CAR T-cell therapy is an innovative treatment for some patients with non-Hodgkin lymphoma, multiple myeloma, and B cell acute lymphoblastic leukemia (B-ALL) that has not responded to other therapies. Each therapy has a targeted purpose that’s designed for a specific lymphoma, multiple myeloma, or leukemia. CAR T-cell therapy for multiple myeloma also offers treatment for some patients with relapsed or refractory multiple myeloma.

What Is CAR T-Cell Therapy?

CAR T-cell therapy is a personalized immunotherapy, the category of cancer treatment that uses the body’s immune system to find and attack cancer cells. In CAR T-cell cancer treatment for multiple myeloma, your blood is collected through a process called apheresis that separates your T-cells—a type of white blood cell that fights infection—from the rest of your blood. Your T-cells are then engineered to attack multiple myeloma cells. The engineered T-cells are multiplied and sent back to the hospital, where they are reintroduced to your body through an IV infusion. 

CAR T-cell therapy is a complex treatment that can cause serious side effects, so it is usually given during a stay in the hospital. Depending on your situation, you may also receive it on an outpatient basis. Regardless, your treatment team will carefully monitor you for any side effects of CAR T-cell therapy. They’ll discuss potential side effects and how to best care for yourself after you leave the hospital.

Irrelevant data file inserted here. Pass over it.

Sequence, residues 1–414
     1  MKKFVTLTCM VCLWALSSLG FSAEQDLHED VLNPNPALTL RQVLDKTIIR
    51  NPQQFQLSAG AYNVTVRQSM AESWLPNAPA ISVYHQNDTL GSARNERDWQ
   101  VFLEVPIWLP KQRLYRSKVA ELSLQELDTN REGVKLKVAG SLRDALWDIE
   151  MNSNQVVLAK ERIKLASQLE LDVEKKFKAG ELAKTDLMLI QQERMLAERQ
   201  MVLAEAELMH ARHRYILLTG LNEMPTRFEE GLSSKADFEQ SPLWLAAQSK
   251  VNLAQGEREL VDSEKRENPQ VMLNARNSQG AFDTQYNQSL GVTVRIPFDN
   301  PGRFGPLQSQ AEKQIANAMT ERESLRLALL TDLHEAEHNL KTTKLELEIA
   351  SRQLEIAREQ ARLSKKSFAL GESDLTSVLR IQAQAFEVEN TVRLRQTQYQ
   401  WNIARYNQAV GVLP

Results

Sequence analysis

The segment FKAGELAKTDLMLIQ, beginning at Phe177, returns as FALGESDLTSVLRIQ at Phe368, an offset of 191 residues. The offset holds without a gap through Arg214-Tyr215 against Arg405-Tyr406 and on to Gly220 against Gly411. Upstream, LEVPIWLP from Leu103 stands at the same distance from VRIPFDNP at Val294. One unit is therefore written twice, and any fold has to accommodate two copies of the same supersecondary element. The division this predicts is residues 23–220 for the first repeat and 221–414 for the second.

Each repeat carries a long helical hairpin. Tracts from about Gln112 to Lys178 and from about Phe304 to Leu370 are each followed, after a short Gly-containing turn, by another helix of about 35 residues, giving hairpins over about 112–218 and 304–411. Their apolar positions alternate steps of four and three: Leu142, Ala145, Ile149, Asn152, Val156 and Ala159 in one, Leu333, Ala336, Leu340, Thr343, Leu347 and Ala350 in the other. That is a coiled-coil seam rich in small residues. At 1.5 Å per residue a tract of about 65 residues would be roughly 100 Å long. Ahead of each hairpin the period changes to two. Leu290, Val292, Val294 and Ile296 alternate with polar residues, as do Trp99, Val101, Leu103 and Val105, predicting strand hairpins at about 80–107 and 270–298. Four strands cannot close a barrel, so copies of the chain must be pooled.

How Does CAR T-Cell Therapy Work?

In CAR T-cell therapy for multiple myeloma, a patient's own cells are modified in the lab to attack cancer cells in the blood. Once blood is removed from a patient, T-cells gain a special chimeric antigen receptor (CAR), which can bind to a protein on the cancer cells. The CAR T-cells are multiplied in the lab and then reintroduced to the patient via blood infusion to attack cancerous cells.

What Is Apheresis?

Apheresis is the process used to collect T-cells from your blood. It involves taking blood from the body and removing one or more blood components such as plasma, platelets, or white blood cells. The remaining blood is then returned to the body.